Twelfth Night is often considered Shakespeare’s last “true” comedy. Othello, King Lear, Macbeth and other such "lighthearted" frolics follow, and you can see some hints in Twelfth Night of the darkness to come. Not everyone finds a happy ending, and the comedy crosses into sadism at times. The Shakespeare Theatre’s production handles this strangely bitter comedy with aplomb; however, its power is dulled by some limp acting.
As a twin myself, the opening to Twelfth Night has always made me a little uneasy. Our heroine, Viola, washes up on the shores of Illyria after losing her twin brother Sebastian at sea. Thus cleaved in two, she disguises herself as a boy, both for protection and perhaps as a subconscious attempt to revive her other half. Bereaved and friendless, she finds employment as a page boy in the service of Duke Orsino, who orders the newly frocked “Cesario” to court an unmoved lady friend, Countess Olivia, on his behalf. The wooing backfires, however, when Olivia falls for the comely page boy instead. While the rich people play at love, their servants play at revenge, in a sort of precursor to “upstairs/downstairs” comedies. Olivia’s household steward, Malvolio, is a little too high-handed in his treatment of the members of the household, including Olivia’s fool, Feste; her attendant, Maria; her drunken uncle, Sir Toby Belch; and his foppish drinking buddy, Sir Andrew Aguecheek. Maria, Sir Toby, and Sir Andrew plot and execute a mean-spirited practical joke to repay Malvolio for his pomposity. Things get out of hand for all involved until Feste seems like the only sane person in all of Illyria. And then Sebastian—surprise!—shows up, confusing matters even more.
Director Rebecca Bayla Taichman, who previously directed the sexy Taming of the Shrew for the company, finds most of the meat here in the secondary characters. Although the play is principally about the shipwrecked Viola (Samantha Soule) and her adventures down the rabbit hole, Soule is continuously upstaged by the antics of the natives. Floyd King is often cast in the Shakespeare Theatre’s productions, and no wonder. He has extraordinary confidence and ease with the language. This frees him from battling with the traps of Shakespeare’s tongue-twisters as he digs deeply into the role of Feste. This Feste is a study in contrasts: nimble yet weary, sweet yet malicious, pragmatic yet wistful. Feste carries around a beat-up, squashed old hat that he uses to demand pay for his antics. The prop is a clever touch, implying that Feste has tired of jokes for their own sake. If he is going to perform, then he will be compensated for his trouble.
Ted van Griethuysen is the other big reason to see this show, imbuing Malvolio with considerable humanity and nuance. Take Malvolio’s exit line, in which the steward vows revenge for a cruel trick that has been played on him. The line is often played for laughs, but van Griethuysen delivers the line with such wounded hurt that I immediately sided with him over his zany tormentors. Another tasty morsel in the cast is Tom Story, who plays Sir Andrew Aguecheek, one of the aforementioned tormentors. Story doesn’t illicit guffaws so much as darkly amused snickers as he completely forgoes any snippet of dignity to play this idiot.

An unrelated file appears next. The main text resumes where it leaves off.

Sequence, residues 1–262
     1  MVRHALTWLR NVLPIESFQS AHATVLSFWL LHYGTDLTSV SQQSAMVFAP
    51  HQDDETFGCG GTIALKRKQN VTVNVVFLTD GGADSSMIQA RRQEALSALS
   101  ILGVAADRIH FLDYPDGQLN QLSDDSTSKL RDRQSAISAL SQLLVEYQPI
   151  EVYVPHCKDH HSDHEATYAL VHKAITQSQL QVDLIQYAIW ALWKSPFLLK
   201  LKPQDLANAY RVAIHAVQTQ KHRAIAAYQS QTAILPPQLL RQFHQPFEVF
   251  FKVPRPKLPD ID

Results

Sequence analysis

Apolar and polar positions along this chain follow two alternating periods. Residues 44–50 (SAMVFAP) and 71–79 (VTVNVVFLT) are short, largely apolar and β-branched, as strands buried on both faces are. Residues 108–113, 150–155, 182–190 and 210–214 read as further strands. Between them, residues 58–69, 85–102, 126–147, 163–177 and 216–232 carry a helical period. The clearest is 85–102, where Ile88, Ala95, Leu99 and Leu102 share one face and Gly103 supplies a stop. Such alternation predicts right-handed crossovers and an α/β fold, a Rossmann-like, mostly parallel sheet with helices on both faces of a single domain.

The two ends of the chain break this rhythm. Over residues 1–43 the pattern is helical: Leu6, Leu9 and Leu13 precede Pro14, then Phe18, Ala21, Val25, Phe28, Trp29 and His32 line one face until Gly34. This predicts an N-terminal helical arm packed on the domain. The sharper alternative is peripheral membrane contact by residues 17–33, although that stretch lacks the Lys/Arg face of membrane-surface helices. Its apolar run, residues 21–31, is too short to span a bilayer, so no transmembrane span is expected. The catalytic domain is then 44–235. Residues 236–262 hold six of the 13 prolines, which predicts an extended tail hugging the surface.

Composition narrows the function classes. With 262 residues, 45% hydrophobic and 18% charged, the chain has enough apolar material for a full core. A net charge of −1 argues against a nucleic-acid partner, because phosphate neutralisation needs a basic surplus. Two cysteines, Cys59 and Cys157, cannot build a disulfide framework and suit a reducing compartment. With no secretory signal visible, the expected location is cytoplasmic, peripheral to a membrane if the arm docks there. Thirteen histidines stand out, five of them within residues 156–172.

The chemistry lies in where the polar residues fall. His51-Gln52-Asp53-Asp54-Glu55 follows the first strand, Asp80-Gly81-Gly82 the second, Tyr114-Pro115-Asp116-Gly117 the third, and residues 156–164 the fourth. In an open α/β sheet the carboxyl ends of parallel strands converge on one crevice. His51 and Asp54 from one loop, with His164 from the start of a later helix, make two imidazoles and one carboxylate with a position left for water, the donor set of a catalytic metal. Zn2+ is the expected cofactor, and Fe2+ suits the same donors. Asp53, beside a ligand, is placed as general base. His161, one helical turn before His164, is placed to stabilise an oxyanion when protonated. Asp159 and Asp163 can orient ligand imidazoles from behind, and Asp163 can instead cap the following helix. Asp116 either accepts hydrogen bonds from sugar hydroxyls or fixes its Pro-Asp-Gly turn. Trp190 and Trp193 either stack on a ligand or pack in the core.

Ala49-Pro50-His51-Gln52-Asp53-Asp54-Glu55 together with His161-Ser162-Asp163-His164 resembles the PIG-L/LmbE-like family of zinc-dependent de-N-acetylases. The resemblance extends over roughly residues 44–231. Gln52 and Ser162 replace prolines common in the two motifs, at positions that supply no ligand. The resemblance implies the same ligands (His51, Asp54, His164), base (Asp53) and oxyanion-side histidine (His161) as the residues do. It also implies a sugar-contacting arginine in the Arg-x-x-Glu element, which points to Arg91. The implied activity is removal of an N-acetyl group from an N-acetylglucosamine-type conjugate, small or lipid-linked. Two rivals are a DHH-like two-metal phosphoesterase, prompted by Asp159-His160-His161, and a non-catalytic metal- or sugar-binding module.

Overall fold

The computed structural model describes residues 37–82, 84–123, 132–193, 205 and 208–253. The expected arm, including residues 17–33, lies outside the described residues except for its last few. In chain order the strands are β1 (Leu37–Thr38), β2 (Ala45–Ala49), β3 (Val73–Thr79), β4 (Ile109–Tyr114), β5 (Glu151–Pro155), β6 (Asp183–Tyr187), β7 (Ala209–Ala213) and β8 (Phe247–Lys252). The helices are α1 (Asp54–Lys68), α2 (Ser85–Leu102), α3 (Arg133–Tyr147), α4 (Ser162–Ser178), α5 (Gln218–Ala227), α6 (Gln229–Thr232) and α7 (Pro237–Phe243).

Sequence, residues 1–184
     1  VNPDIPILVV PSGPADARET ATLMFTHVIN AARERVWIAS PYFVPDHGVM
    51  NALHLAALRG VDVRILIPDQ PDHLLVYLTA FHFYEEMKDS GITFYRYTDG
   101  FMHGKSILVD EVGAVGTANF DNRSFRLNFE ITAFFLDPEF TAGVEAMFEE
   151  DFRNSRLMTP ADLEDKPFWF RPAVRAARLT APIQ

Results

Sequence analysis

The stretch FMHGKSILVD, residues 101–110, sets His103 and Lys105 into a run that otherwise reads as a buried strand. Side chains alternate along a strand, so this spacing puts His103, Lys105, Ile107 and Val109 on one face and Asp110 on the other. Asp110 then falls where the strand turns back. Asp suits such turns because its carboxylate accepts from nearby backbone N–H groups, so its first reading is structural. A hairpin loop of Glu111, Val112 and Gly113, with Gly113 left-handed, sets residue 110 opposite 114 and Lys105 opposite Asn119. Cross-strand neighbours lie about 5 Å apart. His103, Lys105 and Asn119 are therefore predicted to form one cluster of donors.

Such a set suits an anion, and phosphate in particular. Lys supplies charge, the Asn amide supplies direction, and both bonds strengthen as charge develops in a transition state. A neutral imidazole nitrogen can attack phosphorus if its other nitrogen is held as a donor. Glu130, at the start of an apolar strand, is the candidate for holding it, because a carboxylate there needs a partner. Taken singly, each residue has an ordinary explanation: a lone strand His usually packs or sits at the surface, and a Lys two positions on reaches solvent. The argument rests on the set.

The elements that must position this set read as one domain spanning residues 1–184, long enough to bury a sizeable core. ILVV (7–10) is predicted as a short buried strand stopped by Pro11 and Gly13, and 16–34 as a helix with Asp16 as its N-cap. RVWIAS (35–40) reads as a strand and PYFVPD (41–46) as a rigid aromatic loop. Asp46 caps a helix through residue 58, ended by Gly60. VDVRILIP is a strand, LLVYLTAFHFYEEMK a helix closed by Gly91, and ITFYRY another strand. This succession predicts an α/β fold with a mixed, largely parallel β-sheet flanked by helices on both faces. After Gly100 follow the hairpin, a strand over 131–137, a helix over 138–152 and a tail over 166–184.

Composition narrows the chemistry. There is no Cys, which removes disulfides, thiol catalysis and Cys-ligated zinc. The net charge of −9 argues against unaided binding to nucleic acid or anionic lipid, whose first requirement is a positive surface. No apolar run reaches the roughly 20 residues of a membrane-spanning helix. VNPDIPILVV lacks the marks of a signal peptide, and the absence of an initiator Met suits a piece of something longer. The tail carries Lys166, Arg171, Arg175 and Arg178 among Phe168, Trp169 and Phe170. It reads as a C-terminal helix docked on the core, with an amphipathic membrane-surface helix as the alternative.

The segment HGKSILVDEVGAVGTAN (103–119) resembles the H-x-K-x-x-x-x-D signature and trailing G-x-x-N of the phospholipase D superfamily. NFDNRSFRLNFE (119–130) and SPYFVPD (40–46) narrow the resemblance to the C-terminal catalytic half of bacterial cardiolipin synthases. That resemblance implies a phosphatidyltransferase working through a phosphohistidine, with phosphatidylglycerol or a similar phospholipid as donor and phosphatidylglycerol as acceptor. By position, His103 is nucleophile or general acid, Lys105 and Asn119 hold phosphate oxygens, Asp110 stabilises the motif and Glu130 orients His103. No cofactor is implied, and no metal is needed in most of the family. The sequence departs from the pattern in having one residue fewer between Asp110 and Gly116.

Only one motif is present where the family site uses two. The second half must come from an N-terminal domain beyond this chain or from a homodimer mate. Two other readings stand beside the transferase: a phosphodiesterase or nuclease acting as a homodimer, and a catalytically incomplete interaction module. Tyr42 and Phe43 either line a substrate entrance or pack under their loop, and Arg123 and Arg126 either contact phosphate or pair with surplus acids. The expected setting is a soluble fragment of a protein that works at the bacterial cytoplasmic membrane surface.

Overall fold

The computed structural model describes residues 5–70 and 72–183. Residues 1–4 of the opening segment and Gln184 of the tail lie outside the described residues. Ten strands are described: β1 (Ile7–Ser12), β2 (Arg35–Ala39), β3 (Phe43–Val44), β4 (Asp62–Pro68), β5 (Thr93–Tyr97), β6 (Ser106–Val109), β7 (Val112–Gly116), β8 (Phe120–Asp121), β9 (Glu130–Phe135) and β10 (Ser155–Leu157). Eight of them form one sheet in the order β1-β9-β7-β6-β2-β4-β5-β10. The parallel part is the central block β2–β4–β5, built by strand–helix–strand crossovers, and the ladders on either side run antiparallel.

It is a good thing the underbelly of Illyria is so enticing, because the masters and mistresses are not so much. Christopher Innvar, who was visceral and scorching as Petruchio in Taichman’s Shrew, is bland here as Duke Orsino and generates little heat with Soule. Soule is difficult to understand, rushing through her lines in a thin, soft voice. Peter Katona as her twin Sebastian is too eager by half. I felt much more comfortable in the hands of the veteran actors, and was ready for the young pups to vamoose whenever they appeared on stage.
And now, a word about the petals. 41,000 red rose petals are dropped per show, which makes my inner stagehand want to curl up and die. The petal showers are absolutely gorgeous. They drop whenever a character falls in love, signifying the randomness and quickness (and perhaps the superficiality) of Cupid’s arrow. They also, amusingly, undercut the solemnity of “falling in love.” The set, by Riccardo Hernandez, is lovely as well, all deep crimson reds and swirling angles. The costumes, by Miranda Hoffman, are timeless with a dash of bohemia. There is also live music provided by five musicians and a singer. The music is haunting and dramatic and weaves through the evening, adding sensuousness and depth.
Taichman, again, demonstrates her sure hand as a director, delivering an evocative production that showcases her flair for the visually striking. (Be prompt, because the show’s opening is breathtaking.) She’s a valuable asset to the theater, and I hope to see her work again (albeit with a few different casting choices.) Taichman’s only major stumble occurs during the final scene of the night, in which Feste sings about the whirligig of time. King performs the ballad like it’s a funeral dirge for his mother, and the whole effect is just weird and out of place. For the most part, though, Taichman balances the light and dark halves of Twelfth Night, adding depth to former and levity to the latter.
Twelfth Night plays through January 4, 2009 at the Sidney Harman Hall in Washington D.C. Tickets range from $23.50 to $79.50. To reserve tickets, please call (202) 547-1122.